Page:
3 Recruitment Funnel Metrics You HAVE to Start Tracking

Numbers and statistics can guide many decisions, however, many recruiters still rely heavily on instinct when it comes to sourcing and hiring. The idea of a “data-driven hiring cycle” is becoming more relevant than ever as the use of analytics becomes more attainable for many companies. A 2015 survey reported 43% of companies struggle with finding the talent analytics they need. While this number is higher than we’d like to see, it’s far lower than if the questions were asked ten, or even five, years ago. 
 
Due to the increased focus on data, today’s recruiting and talent acquisition leaders are able to easily locate and analyze a company’s current state of recruiting performance, down to the the team or individual recruiter. This means recruiters have to understand the tools and strategies in capturing these metrics, the depths of the data and how they affect overall recruiting strategy. Optimize your recruiting funnel by identifying and analyzing these three recruitment funnel metrics:

The Source of Candidate Conversion Rates 
Today’s recruiters have more sourcing channels than ever before thanks to technology. Sources such as referrals, career sites, social networks, job boards and so on, all need to be evaluated for effectiveness. For example, do you have a lot of great candidates coming from employee referrals? If so, analyze the information and take it to a manager, who could then help you set up an employee referral program.

What you need to do: To dig even deeper, find which sources have the highest conversion rates. Are you sourcing through multiple platforms? Which ones actually resulted in a quality hire? Digging into these metrics will allow you to recruit more intelligently with your recruiting funnel in mind. You will find out which sources yield the best candidates so you can spend more time where it counts.

Bonus: Perhaps you’re already measuring sourcing channels, but are you looking at difficulty or sophistication of hire? Dan may be using referral sourcing to get just five hires while Jennifer uses raw sourcing to get over 25 in the same time period. But if Dan is trying to recruit engineers and Jennifer is staffing the service center, it’s not a metric that will stand up to scrutiny.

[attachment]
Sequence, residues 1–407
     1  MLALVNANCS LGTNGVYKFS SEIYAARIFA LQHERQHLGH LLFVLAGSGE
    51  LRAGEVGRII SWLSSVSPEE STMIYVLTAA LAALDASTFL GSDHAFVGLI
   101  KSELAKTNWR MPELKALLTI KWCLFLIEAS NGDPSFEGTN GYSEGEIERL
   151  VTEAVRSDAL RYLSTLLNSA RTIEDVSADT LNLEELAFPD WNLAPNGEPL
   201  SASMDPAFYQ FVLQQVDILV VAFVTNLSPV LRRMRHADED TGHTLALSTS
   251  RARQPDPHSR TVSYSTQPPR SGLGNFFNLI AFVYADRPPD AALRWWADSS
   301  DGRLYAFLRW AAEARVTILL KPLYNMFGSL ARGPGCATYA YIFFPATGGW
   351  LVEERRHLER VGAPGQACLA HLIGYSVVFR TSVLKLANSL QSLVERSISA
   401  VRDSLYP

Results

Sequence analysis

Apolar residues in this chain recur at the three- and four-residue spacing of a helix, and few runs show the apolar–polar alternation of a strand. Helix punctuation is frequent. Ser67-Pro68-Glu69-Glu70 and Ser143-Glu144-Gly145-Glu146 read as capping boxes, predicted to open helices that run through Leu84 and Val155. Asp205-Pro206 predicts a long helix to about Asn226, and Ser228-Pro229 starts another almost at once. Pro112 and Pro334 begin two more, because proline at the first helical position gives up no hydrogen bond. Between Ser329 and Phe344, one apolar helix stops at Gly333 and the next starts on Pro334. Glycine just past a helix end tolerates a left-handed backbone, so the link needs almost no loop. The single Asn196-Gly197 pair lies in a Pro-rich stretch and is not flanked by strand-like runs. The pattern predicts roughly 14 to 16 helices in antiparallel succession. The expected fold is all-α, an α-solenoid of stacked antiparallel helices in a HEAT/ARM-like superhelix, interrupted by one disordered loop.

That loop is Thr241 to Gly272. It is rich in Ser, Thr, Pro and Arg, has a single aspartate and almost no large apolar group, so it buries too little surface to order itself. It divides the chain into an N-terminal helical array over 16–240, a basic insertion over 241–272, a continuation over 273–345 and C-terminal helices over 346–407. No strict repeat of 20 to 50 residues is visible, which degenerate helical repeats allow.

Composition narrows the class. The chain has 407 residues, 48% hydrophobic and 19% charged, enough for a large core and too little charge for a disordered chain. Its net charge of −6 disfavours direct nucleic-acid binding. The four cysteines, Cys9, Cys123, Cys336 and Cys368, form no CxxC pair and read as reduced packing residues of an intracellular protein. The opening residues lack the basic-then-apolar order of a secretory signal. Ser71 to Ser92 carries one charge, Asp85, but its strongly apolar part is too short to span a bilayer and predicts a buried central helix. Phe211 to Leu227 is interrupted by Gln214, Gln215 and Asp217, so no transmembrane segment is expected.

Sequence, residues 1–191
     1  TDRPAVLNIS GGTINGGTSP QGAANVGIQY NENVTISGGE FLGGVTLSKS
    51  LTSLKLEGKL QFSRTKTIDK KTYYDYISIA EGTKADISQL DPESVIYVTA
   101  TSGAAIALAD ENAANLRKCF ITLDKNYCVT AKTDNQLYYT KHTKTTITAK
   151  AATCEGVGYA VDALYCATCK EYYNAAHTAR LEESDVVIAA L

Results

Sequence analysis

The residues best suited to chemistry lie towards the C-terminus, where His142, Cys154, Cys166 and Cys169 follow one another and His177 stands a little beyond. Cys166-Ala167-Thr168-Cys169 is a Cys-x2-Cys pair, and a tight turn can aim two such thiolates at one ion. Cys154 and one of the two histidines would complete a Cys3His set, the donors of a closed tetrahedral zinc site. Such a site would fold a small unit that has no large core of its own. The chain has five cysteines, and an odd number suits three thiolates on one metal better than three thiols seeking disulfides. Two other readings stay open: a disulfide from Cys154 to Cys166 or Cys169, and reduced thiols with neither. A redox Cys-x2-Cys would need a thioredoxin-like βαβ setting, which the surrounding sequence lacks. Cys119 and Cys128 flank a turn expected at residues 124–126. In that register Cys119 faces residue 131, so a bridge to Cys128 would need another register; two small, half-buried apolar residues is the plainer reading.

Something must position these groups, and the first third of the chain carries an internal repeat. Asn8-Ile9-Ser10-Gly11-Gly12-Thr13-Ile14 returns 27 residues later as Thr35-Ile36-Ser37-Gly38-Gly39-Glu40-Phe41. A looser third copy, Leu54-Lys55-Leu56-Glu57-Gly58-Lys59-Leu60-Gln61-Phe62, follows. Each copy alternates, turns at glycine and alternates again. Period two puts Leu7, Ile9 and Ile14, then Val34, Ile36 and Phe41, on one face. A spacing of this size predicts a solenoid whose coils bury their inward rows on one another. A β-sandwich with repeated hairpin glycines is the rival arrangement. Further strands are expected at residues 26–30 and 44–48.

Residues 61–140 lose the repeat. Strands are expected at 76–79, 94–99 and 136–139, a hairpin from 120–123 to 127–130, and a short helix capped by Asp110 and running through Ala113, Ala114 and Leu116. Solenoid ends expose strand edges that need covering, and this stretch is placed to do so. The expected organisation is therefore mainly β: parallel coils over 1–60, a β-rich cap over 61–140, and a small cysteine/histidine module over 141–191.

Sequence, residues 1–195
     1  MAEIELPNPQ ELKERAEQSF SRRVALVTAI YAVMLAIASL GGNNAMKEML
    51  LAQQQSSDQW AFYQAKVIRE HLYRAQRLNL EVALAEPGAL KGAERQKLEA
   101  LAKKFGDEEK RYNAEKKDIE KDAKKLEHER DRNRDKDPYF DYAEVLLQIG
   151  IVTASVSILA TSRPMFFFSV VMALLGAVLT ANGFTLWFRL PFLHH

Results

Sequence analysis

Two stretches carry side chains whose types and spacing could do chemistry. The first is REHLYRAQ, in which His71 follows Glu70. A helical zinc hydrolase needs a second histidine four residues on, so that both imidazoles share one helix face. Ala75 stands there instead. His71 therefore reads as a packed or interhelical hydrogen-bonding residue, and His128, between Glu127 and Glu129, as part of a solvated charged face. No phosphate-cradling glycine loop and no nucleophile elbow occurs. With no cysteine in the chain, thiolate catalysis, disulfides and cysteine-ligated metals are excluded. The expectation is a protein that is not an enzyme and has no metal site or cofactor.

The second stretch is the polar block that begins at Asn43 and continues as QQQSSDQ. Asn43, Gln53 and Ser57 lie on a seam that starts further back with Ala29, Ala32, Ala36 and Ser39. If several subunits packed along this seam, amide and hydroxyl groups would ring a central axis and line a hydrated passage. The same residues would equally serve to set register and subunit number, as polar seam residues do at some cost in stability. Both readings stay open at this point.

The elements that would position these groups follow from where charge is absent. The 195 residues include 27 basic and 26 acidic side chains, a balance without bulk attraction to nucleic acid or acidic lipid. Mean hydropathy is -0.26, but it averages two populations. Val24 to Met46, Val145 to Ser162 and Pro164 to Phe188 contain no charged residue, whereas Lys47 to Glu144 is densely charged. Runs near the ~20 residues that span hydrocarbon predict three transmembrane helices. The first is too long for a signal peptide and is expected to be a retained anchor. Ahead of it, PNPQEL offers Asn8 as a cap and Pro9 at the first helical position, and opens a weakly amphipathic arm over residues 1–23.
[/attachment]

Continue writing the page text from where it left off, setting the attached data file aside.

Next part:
Perhaps you’re already measuring sourcing channels, but are you looking at this?

The Speed at Which Candidates Move Through Your Pipeline 
From the moment a candidate realizes your company has an open position all the way up to the hire date, they’re basically in a series of stages. You need to determine how quickly they move from stage to stage to be able to accurately assess your funnel.

One study suggests it takes the average company 26–34 working days to fill an open position, which is an all-time high. You need to note if a candidate is getting stuck somewhere in your process, meaning you will need to identify the bottleneck. Is there an interviewer in your company that is taking too long? Are candidates not getting a response quick enough for a second interview?

Digging into the speed at which candidates move through your pipeline will give you these answers.

What can you do to make sure candidates aren’t getting stuck in your sourcing process? Read this: 
What you need to do: While you don’t want to rush candidates through the recruiting process, you want to make sure the process is always moving. Drill down into your data and identify the problem areas. If interviews are taking too long, ask candidates to submit interview feedback.

Bonus: You may know your process takes too long, but how can you identify where this is? Some platforms will allow you to see into your recruitment team at a granular level so you can raise accountability with hiring managers and recruiters.

The Conversion Rates Between Stages 
This involves taking a look at how many, or how often, candidates are making it into the next stage of your recruiting process. If you are being too conservative in moving candidates through to the next step, you could be losing candidates with great potential, and if you don’t make a hire, you are back at square one. If you send too many candidates through, you risk the mistake of wasting valuable time. This is where this metric becomes key in saving time and money.

What you need to do: Look at the two metrics above along with additional underlying data to determine the conversion rates between stages. If you only bring three people in to interview and you don’t hire any of them, chances are you should be sourcing more candidates.

Bonus: While speed is important, velocity of hire can be even more telling, especially when attempting to hire for scale.

Metrics in recruiting are powerful and allow recruiters to better strategize. Using this data throughout your recruiting funnel can uncover opportunities and lead to the optimization of weak spots. Use these metrics as a competitive advantage over your competitors and become a data-driven team.

This article originally featured on the ClearCompany blog.

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